My name is Megan, and I am 11 years old. People love our house and say it is unique, warm, and inviting. It definitely isn’t your run-of-the-mill house. Dad has made most of the interesting things in it.
He made the dining room table with beams from a warehouse that was being demolished. He finished it on Christmas Eve one year, hours before we were hosting 27 people for dinner. It took five men to carry in just the top. Mom says she wasn’t sure we were going to have a table for dinner. I don’t think Dad really was sure either.
There is a bit of a “wood and wrought iron” theme to a lot of Dad’s furniture. And he likes to highlight the imperfections in the wood, not hide them. So although the top of the dining table is 5 in. thick, there is actually a spot where my brother used to be able to push his peas right through and get them to drop on the floor. Dad’s reputation is that anything he builds will last forever, and weigh more than you care to lift.
Dad loves your magazine. That is where I got the idea to contact you about some of the things that my dad has built. I think a good title for my email would be Our House of Stories. Because that is why people find our house so warm and inviting—just about every item has a story behind it. Maybe that is what spending hours in the workshop designing the next piece of furniture does—allows Dad the time and space to work out special symbolism for each item, and make it “fit.” That is the beauty of having a shop in the backyard.
The chandelier in the dining room is another one of people’s favorites. Dad got the inspiration for it from the skyscrapers in Toronto, when his plane was landing on a rainy night. The boxes are built of wood, with rice paper as a lining. He then added glass rods shaped like water drops, which reflect the light and add color (and represent the rain).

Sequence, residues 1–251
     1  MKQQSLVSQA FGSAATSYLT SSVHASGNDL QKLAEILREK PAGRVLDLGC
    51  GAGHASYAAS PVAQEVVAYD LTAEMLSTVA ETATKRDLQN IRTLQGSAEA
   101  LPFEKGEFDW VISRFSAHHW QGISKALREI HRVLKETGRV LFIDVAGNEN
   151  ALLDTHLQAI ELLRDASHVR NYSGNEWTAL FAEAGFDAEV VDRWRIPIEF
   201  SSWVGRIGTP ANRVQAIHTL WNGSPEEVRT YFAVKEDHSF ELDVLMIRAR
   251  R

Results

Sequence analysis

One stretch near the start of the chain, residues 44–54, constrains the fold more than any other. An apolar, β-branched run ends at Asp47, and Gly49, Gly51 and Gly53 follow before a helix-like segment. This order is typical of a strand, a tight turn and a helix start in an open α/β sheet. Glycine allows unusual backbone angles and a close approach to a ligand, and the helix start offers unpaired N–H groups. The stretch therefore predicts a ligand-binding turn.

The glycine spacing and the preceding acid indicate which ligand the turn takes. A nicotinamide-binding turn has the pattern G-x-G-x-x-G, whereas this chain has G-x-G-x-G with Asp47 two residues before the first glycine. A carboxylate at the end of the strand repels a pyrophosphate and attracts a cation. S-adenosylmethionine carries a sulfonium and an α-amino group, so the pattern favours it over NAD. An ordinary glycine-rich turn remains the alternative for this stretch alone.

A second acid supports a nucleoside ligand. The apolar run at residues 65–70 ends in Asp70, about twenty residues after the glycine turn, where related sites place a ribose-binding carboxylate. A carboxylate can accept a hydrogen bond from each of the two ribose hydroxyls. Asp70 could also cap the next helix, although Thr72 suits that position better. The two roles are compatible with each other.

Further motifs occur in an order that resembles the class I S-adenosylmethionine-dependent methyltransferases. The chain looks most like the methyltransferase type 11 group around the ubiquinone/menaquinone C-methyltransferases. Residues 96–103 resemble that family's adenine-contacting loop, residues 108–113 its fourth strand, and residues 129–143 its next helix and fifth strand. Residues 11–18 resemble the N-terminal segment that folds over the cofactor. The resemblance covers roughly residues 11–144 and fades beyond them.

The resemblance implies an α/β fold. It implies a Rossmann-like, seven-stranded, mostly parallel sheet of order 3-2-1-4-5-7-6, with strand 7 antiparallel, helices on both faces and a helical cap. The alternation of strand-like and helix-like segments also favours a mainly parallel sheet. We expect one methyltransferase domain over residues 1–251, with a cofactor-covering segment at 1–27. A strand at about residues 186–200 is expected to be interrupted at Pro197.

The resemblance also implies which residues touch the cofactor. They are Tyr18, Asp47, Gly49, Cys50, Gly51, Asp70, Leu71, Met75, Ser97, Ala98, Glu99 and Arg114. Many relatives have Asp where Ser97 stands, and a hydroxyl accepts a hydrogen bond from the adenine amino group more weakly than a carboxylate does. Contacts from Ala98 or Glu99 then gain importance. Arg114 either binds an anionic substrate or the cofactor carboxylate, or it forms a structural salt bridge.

The picture frames in the hallway were made from old windows from Mom’s farm in Southern Alberta (last time anyone lived on the land was in 1960, and the buildings were abandoned or used for storage after that, until each one was, in turn, “decommissioned” because it was in danger of falling over). On a family vacation to see the farm, Dad ripped the windows out of the dilapidated buildings. He spent hours stripping them down (much more time than it would have taken to buy new wood) and making frames for my Mom and her two sisters, so they could have mirrors and picture frames from the family farm.
Dad framed a picture of Mom’s Mom (Gramma) from when she lived on the farm, smiling and holding a cat. And he framed a picture of Grampa learning to harvest, when he first took over the farm in the 1950s. Dad searched the photo archives from Southern Alberta and got two pictures of when Foremost, Alberta, was just being settled. Only the hotel and train station existed. He framed these pictures with wood from the rest of the windows and hung them down the hall from the ones of Grampa and Gramma on the farm.
There are also curio cabinets, a mantel on the fireplace, shelves for the TV, the sideboard in the dining room, a shelf made from wood and steel that runs the length of the dining room, and a playhouse outside that was built to code (the only structure on our property that Dad says is actually built to code, as the house is almost 100 years old). Plus more than I can really write about here. All of it is made by my dad, who spends his time in antique shops when he is not designing and making furniture or doing his job as an environmental engineer.
The tree that Dad made his office desk from was from … I can’t remember where it was from. He could tell you. But it was the perfect shape to form around him as he works. I sent a picture for you to see.
Megan Clarke lives in Port Moody, B.C.,Canada, and often works wood with her dad and brother Keigan in the shop behind their house.
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